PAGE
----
Lope de Vega: Spain’s most prolific writer


The Early Years of the Spanish Language’s Shakespeare

Lope de Vega, born in 1562, remains to this day one of Spain’s most prolific playwrights, poets and novelists. In his 72 years of life, Vega published more works than many of his colleagues combined, both past and present. Among his many nicknames showcasing his literary prowess are Fénix de los Ingenios, and Monstruo de la Naturaleza, meaning “The Phoenix of Wits” and “Prodigy of Nature” respectively. He was well respected all throughout his life, and continues to be respected among readers of Spanish literature long after his death.

Lope de Vega was born in Madrid, Spain, to a commoner family, but was never the less recognized as a genius child from a very young age. Rumor has it that by the tender age of 5, Vega was already able to read and write in both the Spanish and Latin language. Additionally the rumor mill suggests that by 12 years old he completed his first official play called El Verdadero Amante, or “The True Love.

Early in his life, Vega was able to attend noted institutions of higher learning, and had many venerable mentors to guide him. As was common at the time, many of these educational institutes were run by priests, and Vega’s early career aspirations were to join the priesthood. This all changed, however, when he reached adulthood and eschewed a life of celibacy in favor of continuous romantic dalliances which would, more often than not, get him into hot water.

The Tumultuous Life of Lope de Vega

During the course of his lifetime, Vega become not only famous for his vast literary works, but also for his ongoing tumultuous love affairs. The first of these appear to be with the daughter of a prominent director in the theater scene, Elena Osoria. Predictably, this romantic liaison ended badly, and Vega’s retaliations against not only her, but her well-to-do family, resulted in charges of libel, and he was banished from the then-Spanish-Province of Castille.

In the years after his banishment had been decreed, Vega lived in several cities around Spain, and married a 16 year old girl named Isabel de Aldrete y Urbina. This was not, however, the end of his string of scandalous love affairs for which he had now become famous for. His wife, Isabel, died in childbirth around the time his official exile was over, and so he returned to Madrid. Back in Madrid, he engaged in a series of trysts and adulterous liaisons, and even garnered further lawsuits against him. These experiences, however, all undoubtedly helped him develop his already incredibly rich body of work.  In addition to adding several more sonnets plays and novels to his oeuvre, he also collected several more children during this time, by several women.

The last years of his life were, by all accounts, dismal. Vega first lost a son, who was widely understood to have been his favorite child. Shortly after this time his second wife, Juana, died in childbirth, he then lost a second son in a shipwreck in South America and finally his youngest daughter was kidnaped. Lope de Vega came down with Scarlet fever and died shortly after that final incident.

The Jewel of Spain’s Literary Tradition

The Siglo de oro (Spanish golden age, or golden century) began around the discovery of the new world, and lasted until 1659, spanning much more than a century in reality.  It is characterized by the rise of many prolific artists, sculptors, musicians, architects and writers, who flourished artistically at this time. The siglo de oro was made possible in part by the immense wealth and stability enjoyed by Spain at the time, thanks in part to the vast land holdings and riches brought to them by the new world. It is because of this that Spain had such time, energy and money to devote to supporting the arts.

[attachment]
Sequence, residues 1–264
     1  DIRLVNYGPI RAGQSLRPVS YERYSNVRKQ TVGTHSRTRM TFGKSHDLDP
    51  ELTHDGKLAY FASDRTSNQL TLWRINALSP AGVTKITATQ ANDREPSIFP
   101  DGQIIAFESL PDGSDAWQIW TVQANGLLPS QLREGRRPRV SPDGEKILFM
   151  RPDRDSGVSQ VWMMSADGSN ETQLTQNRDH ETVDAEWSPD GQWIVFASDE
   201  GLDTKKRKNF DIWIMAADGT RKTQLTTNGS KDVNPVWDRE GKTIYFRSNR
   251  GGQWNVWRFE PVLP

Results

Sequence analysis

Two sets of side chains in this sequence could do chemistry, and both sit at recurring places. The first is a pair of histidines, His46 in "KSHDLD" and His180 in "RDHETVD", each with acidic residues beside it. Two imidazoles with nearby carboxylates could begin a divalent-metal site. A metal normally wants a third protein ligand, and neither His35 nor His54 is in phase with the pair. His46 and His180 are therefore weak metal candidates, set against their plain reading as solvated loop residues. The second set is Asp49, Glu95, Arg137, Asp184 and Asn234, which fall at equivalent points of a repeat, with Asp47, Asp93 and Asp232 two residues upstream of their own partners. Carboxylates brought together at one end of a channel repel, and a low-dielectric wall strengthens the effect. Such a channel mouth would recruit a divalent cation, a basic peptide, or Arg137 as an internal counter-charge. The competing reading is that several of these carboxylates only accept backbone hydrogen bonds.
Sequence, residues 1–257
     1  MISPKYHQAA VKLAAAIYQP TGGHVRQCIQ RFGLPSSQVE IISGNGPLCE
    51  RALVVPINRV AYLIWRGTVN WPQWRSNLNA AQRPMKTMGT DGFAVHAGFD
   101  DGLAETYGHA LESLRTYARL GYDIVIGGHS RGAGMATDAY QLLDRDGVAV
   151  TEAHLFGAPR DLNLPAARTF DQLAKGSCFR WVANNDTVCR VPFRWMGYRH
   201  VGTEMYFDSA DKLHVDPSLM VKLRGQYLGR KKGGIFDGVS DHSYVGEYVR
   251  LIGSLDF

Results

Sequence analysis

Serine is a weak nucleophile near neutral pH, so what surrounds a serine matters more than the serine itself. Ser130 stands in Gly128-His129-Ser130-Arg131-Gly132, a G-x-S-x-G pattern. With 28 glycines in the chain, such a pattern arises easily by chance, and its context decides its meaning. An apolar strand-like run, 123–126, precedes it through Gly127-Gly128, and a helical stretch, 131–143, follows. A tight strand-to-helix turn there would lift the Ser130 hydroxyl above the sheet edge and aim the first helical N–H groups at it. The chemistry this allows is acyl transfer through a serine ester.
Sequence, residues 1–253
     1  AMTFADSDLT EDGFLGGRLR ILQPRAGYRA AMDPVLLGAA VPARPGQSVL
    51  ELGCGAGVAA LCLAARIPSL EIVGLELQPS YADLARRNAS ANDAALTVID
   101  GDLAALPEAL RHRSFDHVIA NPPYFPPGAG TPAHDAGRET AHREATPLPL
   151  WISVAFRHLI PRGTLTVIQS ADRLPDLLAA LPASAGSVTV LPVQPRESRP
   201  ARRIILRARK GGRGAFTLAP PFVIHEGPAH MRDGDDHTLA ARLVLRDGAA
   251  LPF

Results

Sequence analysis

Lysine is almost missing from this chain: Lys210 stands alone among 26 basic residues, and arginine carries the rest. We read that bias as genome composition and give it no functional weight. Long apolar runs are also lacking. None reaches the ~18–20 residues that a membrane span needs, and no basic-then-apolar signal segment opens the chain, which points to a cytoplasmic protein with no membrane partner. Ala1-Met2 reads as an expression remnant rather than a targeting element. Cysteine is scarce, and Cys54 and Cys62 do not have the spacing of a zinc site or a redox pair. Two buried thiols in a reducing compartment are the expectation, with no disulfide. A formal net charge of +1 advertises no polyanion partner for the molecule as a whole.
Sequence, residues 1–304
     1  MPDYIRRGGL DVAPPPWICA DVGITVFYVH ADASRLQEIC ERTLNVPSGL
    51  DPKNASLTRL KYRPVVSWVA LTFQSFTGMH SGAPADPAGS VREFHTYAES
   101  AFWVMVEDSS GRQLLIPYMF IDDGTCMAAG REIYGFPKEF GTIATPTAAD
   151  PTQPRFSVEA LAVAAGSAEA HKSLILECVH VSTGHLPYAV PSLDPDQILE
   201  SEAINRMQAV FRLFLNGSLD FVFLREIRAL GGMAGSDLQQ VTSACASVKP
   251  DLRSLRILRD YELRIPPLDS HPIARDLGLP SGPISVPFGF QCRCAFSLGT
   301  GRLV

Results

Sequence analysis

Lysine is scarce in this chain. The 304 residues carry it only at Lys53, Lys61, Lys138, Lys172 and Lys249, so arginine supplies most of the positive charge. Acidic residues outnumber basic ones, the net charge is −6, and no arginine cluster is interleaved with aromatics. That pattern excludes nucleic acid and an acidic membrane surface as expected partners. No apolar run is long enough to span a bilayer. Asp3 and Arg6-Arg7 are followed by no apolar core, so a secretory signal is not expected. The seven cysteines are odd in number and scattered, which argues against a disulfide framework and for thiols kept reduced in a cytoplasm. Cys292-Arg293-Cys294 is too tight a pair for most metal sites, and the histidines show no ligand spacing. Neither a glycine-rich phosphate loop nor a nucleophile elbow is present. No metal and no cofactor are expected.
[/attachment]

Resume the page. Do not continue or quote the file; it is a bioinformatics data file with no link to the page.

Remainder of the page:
Vega’s work, while much of it critically acclaimed, is nonetheless often criticized for favoring quantity rather than quality. Among his accomplishments are: 3,000 sonnets, 2 novels, 3 novellas, 9 epic poems and about 500 plays. Some accounts attribute as many as 1,000 or more plays to his name, but only a few hundred have survived to the present day.

Partly due to his vast output of plays, Vega was integral to revitalizing the Spanish theater scene, contributing directly to its rise in popularity at the time. Vega’s desire to please the public led him to write in a particular style, while popular at the time, has since become emblematic of his works in particular. Vega’s plays are also well known for their rich plots, often weaving in elements of Spanish history and culture, making them even more relatable to the Spanish public of that era. He also wrote plays that included many tantalizing and titillating plot points such as adulterous affairs, liaisons between lovers from different classes and comments on Spanish culture, all without the moralizing lens often brought to these types of plays to to the previously heavy influence from the church.

It is a shame that only about 400 or so of Vega’s plays exist to this day, but the ones that do exist are here for us to enjoy thanks in part to professional Spanish language and copy editing services such as Spanish with Style. It is important to trust translation to a transaction expert in order to be able to preserve the tone, style and unadulterated meaning of a text. This is true for not just complex works such as Vega’s plethora of plays, poems and novels, but even for simple texts such as letters, emails, flyers or other business needs. Spanish with Style employs only well-trained professional Spanish language and copy editing experts, so you can be certain that your text is being conveyed in the manner in which it was intended.

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